The Federal Employees Health Benefits Program (FEHBP) works well in providing decent, affordable health coverage for the 8.5 million people it serves, including the president, members of Congress, federal employees, retirees, and their families. The most tangible real-world example of "managed competition," FEHBP is a system of competing private health plans in which the government contributes a relatively fixed amount toward the employees coverage and employees pay a premium based on the cost of the individual plan they choose.
Largely because of its ability to constrain cost growth reasonably well with limited government intervention, the program has been proposed by some political leaders and analysts as a model to replace the current Medicare program, to cover small businesses and the uninsured, or, in some cases, to cover the entire nation. This analysis finds that FEHBP would represent a substantial improvement over the high premiums and limited benefits currently faced by small businesses and uninsured adults. The approach would not work well, however, for the older, sicker populations served by Medicare. Not only is the FEHBP model likely to lead to discrimination against ill or disabled beneficiaries, but Medicares large-group purchasing clout would be diminished, program administrative costs would rise, and, as a result, costs to government and beneficiaries alike would grow. While FEHBP insures retirees, this coverage is largely supplemental to Medicare and thus does not bear the full risk of health services for an elderly, less healthy population.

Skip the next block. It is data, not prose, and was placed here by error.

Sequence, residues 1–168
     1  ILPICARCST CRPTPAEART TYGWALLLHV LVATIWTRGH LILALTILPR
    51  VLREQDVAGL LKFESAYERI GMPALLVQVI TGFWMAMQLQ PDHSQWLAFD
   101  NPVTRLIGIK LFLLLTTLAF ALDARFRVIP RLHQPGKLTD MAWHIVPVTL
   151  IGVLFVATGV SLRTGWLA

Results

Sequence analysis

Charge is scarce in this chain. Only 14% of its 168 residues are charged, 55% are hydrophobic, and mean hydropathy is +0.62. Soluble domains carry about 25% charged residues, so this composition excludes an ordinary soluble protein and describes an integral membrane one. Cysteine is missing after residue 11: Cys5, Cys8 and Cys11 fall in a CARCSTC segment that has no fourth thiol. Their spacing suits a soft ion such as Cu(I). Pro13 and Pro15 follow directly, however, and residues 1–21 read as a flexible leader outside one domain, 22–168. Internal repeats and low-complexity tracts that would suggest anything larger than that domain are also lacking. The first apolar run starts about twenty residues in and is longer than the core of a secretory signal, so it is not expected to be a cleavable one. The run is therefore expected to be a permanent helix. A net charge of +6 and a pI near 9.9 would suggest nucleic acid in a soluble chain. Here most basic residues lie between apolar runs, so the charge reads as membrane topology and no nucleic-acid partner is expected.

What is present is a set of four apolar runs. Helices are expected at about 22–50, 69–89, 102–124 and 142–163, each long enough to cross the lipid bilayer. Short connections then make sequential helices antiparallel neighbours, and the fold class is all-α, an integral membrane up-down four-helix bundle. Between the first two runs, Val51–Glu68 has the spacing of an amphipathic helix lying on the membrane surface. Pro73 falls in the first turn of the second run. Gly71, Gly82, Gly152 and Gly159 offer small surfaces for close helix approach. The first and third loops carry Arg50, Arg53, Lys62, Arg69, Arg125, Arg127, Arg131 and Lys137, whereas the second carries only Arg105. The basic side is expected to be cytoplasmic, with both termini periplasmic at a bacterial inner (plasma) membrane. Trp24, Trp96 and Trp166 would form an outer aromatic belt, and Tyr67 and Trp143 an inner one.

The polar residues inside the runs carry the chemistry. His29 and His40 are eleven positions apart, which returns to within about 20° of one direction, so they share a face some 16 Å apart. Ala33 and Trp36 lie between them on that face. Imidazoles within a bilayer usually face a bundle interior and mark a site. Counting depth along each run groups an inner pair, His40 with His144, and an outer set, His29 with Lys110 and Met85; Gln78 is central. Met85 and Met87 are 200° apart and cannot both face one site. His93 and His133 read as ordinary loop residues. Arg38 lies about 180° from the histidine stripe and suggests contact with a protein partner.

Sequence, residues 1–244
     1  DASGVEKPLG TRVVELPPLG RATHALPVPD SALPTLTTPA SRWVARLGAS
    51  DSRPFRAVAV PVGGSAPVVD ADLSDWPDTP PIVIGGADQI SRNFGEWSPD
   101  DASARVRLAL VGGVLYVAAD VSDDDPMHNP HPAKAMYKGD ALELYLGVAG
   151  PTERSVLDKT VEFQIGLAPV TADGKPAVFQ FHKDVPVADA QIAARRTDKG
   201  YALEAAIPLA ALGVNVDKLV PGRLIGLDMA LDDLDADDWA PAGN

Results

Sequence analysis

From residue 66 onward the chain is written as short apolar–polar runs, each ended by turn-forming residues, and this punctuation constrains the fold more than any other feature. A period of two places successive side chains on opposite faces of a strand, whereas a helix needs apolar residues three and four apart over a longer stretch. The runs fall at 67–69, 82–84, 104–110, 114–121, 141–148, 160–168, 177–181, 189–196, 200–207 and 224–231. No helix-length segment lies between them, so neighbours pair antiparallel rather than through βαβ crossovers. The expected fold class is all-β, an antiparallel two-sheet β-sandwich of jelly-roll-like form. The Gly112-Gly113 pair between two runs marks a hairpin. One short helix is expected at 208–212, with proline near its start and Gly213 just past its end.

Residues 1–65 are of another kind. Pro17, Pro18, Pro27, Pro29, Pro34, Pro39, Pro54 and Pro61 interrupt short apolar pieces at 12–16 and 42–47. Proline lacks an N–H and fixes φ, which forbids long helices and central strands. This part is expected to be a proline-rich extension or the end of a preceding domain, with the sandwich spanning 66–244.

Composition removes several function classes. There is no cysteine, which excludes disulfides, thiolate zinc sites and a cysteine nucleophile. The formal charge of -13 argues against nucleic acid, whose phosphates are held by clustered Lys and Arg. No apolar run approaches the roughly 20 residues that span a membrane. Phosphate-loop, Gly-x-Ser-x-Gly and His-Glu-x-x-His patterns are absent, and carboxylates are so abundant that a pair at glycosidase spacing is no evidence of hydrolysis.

This report describes FEHBP and how it has worked over the years, examines how it might work if applied to Medicare or small businesses and the uninsured, and assesses whether the model would be an improvement over current systems of health coverage.
Overview of FEHBP
Enrollment and plan participation. The largest employer health insurance program in the United States, FEHBP insures about 3 percent of all Americans. As of 2003, 133 plans, offering 188 coverage options, are participating in FEHBP. One dozen of these options are offered by nationwide preferred provider organization (PPO)/fee-for-service plans; six of these nationwide plans are available to specific groups of federal employees (e.g., Foreign Service); and the remaining plans are local HMOs. Enrollment, however, is concentrated in just a few plans: over half the enrollees are enrolled in Blue Cross Blue Shield and another quarter are in one of the other national PPO/fee-for-service plans.
Government contribution and benefits. The government's contribution toward the cost of the beneficiary's premium is the lesser of 72 percent of the average FEHBP plan premium, weighted by enrollment, or 75 percent of the premium for the plan chosen. The enrollee pays the difference. There is no standard prescribed minimum benefit package, and benefits vary from plan to plan. In general, the benefits offered by large employer plans are richer than those in FEHBP; benefits in Medicare, meanwhile, are not as generous, principally due to that program's lack of prescription drug benefits and catastrophic coverage.
Premium-setting. Most PPO/fee-for-service FEHBP plans are experience-rated; premiums are based on expected costs, plus a small service charge. Plans are not strictly at risk and can recover losses either through tapping into reserve funds or increasing the premium in a subsequent year. HMOs are community-rated, charging rates comparable to those charged to nonfederal groups.